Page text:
Yemen’s warring parties resume peace talks in Kuwait

Second round of face-to-face talks begins, UN envoy says, as sides seek to end war that has displaced millions.

Delayed Yemeni peace talks convene in Kuwait on 21 April
Houthi rebels and their allies are still in control of the capital [Yahya Arhab/EPA]

Yemen’s warring parties have resumed face-to-face peace talks three days after a walkout by the government delegation, according to the United Nations.

It is only the second round of face-to-face talks in the hard-won negotiations to end a conflict that has killed more than 6,400 people and forced 2.8 million from their homes since March last year.

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“The joint work session has started to follow up with the agreed agenda,”  Ismail Ould Cheikh Ahmed, UN Special Envoy for Yemen, said on Twitter on Wednesday.

The negotiations, which began on April 21, broke up on Sunday after the government delegation quit in protest at the apparent surrender of one of the few loyalist bases in the northern mountains to Iran-backed Houthi rebels.

Ould Cheikh Ahmed said the two sides had agreed that a monitoring committee supervising a ceasefire would launch a fact-finding mission into the takeover of the al-Amaliqa base in Amran province.

The committee will submit a report within 72 hours with practical recommendations that all sides pledge to carry out, Ould Cheikh Ahmed said.

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Foreign Minister Abdulmalik al-Mekhlafi, who heads the government delegation, has demanded a rebel pull-out.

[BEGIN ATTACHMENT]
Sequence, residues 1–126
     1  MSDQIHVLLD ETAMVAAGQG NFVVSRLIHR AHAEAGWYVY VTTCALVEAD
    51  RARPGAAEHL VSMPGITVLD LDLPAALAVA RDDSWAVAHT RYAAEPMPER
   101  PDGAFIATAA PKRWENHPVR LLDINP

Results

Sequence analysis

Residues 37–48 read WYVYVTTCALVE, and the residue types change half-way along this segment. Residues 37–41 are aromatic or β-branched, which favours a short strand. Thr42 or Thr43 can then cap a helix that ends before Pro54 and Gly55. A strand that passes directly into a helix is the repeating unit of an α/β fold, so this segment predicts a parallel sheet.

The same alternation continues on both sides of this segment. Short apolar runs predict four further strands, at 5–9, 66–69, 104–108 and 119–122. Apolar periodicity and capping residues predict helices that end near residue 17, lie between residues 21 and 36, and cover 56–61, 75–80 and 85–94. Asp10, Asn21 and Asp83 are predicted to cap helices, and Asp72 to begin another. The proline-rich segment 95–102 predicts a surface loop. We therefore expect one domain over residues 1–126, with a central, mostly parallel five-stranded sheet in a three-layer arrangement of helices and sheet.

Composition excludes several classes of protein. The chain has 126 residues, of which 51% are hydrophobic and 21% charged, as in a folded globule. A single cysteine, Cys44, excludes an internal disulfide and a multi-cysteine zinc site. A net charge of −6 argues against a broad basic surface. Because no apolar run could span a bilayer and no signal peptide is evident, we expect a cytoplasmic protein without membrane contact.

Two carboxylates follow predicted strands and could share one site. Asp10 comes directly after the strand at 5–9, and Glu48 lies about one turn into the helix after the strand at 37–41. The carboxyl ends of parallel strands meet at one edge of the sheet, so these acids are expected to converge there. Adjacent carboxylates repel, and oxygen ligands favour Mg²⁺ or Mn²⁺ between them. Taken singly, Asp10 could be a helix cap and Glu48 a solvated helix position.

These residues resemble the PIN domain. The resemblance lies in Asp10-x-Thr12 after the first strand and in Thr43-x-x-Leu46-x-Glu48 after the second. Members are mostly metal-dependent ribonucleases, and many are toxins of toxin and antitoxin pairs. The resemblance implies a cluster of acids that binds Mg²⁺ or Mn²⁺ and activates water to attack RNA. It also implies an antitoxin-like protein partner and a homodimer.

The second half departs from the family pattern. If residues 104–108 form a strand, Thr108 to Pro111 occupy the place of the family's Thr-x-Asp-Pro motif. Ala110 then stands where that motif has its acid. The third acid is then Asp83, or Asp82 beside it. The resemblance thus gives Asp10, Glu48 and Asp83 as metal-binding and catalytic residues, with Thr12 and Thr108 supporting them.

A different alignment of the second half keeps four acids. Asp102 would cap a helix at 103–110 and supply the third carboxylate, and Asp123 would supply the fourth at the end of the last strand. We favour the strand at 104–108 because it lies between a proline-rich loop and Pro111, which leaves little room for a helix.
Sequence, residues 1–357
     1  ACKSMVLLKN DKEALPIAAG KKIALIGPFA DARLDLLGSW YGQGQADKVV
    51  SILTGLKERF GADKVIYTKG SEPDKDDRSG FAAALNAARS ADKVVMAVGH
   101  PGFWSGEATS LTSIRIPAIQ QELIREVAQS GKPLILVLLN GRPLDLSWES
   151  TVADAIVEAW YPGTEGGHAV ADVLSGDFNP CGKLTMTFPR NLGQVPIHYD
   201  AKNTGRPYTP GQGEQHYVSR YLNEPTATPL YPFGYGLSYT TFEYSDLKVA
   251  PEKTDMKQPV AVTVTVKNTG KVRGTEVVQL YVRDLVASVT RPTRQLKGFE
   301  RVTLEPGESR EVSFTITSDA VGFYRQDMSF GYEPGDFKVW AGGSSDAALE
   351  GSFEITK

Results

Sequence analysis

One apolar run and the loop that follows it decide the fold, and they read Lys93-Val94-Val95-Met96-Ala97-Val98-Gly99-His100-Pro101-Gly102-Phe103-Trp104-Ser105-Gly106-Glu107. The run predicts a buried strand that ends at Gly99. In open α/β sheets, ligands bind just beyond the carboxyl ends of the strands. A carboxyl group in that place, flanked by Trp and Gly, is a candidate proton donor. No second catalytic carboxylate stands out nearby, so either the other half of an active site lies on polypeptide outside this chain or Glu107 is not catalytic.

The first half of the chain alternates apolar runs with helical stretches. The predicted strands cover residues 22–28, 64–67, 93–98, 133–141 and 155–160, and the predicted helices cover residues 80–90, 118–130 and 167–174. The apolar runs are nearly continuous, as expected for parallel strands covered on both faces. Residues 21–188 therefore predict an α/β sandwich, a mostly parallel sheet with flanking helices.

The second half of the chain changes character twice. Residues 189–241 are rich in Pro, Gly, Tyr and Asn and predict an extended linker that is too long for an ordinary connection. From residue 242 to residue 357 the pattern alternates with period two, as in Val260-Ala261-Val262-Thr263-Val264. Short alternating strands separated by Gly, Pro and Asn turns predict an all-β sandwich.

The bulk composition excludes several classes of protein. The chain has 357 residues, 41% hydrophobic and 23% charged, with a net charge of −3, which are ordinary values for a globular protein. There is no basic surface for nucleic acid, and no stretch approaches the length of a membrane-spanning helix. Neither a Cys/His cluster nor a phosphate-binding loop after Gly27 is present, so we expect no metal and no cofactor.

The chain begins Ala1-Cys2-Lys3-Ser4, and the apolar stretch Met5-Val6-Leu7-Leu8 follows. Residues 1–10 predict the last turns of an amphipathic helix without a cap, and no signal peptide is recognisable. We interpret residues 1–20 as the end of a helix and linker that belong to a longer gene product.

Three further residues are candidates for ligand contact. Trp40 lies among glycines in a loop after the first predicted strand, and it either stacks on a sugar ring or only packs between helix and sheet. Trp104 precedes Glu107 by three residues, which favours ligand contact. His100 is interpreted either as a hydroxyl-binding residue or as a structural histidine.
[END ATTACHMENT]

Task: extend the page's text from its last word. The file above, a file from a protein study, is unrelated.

The UN stressed the need to strengthen ceasefire monitoring committees on the ground, particularly in and around battleground third city Taiz, where loyalist troops have been under siege for months, trapping tens of thousands of civilians. 

New York-based rights group Human Rights Watch (HRW), which has been deeply critical of alleged violations of the rules of war by the government and its supporters in a Saudi-led military coalition as well as the rebels and their allies, called for justice for the victims from the UN-brokered talks.

It urged the warring parties to “support international investigations, transitional justice and victim compensation as key elements of any agreement”.

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The Houthi rebels and their allies are still in control of the capital, as well as much of the northern and central mountains and Red Sea coast.

The UN says that most of the civilians killed in the conflict in the past 14 months have died in Saudi-led bombing raids.

HRW has accused the coalition of carrying out “indiscriminate air strikes” against civilian areas, and the rebels of committing “various abuses”.

Source: News Agencies